Others have said that calcium levels do not change with age. Why do you say that they do?
It is not controversial to state that calcium levels vary with age - this has been known for a long time. Studies have shown for decades that healthy children have calcium levels up into the high 10s (mg/dl) range. You are not born with a calcium level that persists for a lifetime. This is not in debate.
Over time, the calcium level drops as children become young adults. There is no magic age at which your childhood calcium drops into the adult calcium - it happens gradually. Here is the part that is not as well documented, and has not been formally published: The calcium of young adults is still somewhat higher than it will be in old age. How do I know this? From reviewing thousands and thousands of patients’ labs, and then operating on them. If I have an 80-year-old with a calcium of 10.2 mg/dl and a PTH of 50 pg/ml, I know with near certainty that I will find a parathyroid tumor. If I have a 30-year-old with the same labs, I know with near certainty that I will find normal parathyroid glands if I operate. I know this because I have encountered all of these scenarios and more. For someone who has not reviewed as many patient labs as I have, it would be harder to see the pattern, because it is somewhat subtle. The levels drop gradually, and there are no sheer cutoff points. I know from experience to adjust my interpretation of calcium levels based on age. For example, a calcium level of 10.1 in an 80-year-old is very suggestive of parathyroid disease, in a 50-year-old is pretty suggestive, in a 40-year-old is somewhat suggestive (but more labs would be needed), and in a 30-year-old is not suggestive at all.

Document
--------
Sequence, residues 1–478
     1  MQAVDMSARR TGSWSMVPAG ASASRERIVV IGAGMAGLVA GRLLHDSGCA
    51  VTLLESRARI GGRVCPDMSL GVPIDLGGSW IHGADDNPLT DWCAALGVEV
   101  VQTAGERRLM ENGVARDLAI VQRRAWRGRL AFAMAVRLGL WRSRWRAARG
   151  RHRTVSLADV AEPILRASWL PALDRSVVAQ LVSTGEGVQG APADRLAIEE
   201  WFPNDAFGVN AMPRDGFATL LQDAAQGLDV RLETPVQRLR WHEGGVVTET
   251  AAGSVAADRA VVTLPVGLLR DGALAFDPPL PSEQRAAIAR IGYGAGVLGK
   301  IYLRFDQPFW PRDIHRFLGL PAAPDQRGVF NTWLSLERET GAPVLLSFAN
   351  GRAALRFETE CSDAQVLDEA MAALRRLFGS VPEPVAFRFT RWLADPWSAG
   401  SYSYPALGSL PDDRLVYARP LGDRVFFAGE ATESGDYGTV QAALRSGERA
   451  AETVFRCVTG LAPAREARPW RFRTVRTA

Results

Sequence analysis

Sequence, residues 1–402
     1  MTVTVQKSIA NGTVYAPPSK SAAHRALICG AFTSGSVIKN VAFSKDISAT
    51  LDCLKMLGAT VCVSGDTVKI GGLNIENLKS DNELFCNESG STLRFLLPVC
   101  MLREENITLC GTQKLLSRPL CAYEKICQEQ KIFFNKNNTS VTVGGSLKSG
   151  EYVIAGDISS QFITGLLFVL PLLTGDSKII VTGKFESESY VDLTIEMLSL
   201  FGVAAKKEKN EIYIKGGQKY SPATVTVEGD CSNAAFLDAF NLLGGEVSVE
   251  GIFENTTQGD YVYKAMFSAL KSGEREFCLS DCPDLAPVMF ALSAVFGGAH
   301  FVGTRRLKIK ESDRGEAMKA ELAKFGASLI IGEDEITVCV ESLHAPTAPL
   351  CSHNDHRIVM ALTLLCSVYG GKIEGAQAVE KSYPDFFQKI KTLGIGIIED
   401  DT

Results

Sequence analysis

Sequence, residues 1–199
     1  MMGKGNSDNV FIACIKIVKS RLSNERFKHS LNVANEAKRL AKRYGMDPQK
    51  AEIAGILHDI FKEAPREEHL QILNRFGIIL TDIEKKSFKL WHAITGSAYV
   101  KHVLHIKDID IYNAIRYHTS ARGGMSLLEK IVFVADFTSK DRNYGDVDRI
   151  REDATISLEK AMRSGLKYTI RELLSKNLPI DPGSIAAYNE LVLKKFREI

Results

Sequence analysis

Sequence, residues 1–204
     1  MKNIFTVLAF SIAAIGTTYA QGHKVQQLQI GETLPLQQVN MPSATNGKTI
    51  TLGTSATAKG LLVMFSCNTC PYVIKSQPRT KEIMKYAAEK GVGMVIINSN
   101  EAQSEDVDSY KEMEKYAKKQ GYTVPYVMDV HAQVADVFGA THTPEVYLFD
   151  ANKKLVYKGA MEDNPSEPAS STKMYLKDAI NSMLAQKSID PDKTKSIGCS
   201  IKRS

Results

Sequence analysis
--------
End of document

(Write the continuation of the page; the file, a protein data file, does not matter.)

Some of the confusion may be because some doctors think a calcium of 10.4 mg/dl is normal for any age, not realizing that healthy 80-year-olds should have calcium levels in the 9s. I’ve had lots of experience with parathyroid patients in their 80s, and their calcium levels are often in the low 10s, even if they have large tumors.